Unions can negotiate higher wages only if productivity also increases so that owners still make a profit worth the risk and investment it takes to stay in business. But union work rules often impede productivity. And even if productivity doesn't lag, competition from nonunion companies producing similar products or offering similar services at a lower cost may make union companies less profitable. If unionization pushes wages higher than the market will bear, those companies are forced to cut jobs or go out of business. A union card doesn't do you much good if your job disappears because of it.
No doubt all of these factors played a role in the decision by the majority of VW's workers to vote against the UAW. But politics also played a role, though not in the way the UAW alleges.
The UAW, like the rest of the labor movement, has spent increasing energy and resources on politics as its membership has shrunk. Unions now devote as much if not more time and money to electing Democrats than they do to organizing new members. Some 90 percent of union political contributions go to Democratic candidates, and union staff and "volunteers" are the backbone of campaigns to elect Democrats at all levels of government. Yet 40 percent of union households voted Republican in the last presidential election, despite unions' unprecedented efforts to turn out their vote for the Democrats.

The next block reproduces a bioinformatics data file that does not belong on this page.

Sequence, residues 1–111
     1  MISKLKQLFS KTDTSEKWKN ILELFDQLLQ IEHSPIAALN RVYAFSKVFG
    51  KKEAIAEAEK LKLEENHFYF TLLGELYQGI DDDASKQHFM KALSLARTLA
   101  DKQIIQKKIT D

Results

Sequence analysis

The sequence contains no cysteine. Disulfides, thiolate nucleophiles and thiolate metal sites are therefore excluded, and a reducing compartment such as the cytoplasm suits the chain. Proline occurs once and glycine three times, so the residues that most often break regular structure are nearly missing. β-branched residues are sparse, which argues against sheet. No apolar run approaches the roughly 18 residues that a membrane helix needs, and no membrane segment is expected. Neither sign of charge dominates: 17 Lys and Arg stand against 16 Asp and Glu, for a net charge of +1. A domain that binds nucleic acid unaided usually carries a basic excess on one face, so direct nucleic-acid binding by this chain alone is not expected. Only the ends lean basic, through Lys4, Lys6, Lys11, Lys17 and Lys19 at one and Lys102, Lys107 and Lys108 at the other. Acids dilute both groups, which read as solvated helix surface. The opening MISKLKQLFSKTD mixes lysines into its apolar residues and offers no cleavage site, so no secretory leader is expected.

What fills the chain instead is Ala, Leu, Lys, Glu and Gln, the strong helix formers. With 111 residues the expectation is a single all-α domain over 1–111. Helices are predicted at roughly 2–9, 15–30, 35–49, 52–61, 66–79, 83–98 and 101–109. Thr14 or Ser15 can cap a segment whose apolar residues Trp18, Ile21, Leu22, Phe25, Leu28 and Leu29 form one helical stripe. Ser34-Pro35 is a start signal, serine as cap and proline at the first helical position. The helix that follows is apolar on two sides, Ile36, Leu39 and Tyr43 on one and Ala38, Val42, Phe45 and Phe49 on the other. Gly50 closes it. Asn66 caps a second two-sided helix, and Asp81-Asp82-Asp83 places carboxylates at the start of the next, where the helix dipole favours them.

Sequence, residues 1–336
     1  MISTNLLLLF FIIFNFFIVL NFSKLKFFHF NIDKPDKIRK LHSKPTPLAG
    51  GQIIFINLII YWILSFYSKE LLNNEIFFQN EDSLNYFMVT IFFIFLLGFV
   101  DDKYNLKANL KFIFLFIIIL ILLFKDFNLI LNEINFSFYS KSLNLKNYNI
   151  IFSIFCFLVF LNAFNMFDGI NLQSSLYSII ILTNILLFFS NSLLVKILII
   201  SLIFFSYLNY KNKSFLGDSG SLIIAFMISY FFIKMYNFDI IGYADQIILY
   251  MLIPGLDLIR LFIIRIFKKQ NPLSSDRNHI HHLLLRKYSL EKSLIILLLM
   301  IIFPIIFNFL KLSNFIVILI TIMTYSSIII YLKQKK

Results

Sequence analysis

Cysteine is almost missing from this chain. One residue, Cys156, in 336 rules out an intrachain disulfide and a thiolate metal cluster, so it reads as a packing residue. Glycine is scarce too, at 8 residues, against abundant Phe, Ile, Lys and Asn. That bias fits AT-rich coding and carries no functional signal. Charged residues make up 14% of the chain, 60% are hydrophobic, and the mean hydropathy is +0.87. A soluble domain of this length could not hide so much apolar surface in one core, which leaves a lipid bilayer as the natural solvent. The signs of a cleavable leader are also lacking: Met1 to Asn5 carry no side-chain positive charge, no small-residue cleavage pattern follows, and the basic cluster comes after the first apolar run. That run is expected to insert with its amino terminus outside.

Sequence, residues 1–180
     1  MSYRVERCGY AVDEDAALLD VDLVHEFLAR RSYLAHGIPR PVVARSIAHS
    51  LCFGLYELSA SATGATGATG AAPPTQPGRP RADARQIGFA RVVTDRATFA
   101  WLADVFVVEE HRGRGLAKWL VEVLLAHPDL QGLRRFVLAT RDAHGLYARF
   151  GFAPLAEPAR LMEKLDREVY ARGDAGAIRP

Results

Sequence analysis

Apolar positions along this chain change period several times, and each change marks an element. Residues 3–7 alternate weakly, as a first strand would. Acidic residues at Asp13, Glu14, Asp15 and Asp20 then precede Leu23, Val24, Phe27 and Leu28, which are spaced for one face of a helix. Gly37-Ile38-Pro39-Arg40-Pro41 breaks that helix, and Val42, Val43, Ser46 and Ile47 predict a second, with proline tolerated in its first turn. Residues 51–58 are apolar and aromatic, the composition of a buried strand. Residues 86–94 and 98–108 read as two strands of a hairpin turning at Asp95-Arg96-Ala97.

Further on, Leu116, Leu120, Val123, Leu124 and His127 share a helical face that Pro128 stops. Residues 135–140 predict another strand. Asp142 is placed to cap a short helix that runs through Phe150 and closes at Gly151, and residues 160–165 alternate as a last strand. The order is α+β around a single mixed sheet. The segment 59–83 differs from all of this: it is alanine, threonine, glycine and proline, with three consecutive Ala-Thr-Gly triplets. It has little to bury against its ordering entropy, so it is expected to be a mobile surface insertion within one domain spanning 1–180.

Many of the Chattanooga VW workers, no doubt, felt a cultural rift between their values and those of the UAW. Unions have become little more than subsidiaries of the Democratic Party, promoting liberal policies with which many of their own members disagree. And union dues pay for bloated bureaucracies and entrenched union leadership not open to effective challenge.
No wonder fewer than seven in 100 private-sector workers choose to join a union.
The UAW and the rest of the labor movement can expect more disappointments like that in Chattanooga, and there's not a lot unions can do to change it.
Linda Chavez is chairman of the Center for Equal Opportunity and author of Betrayal: How Union Bosses Shake Down Their Members and Corrupt American Politics .
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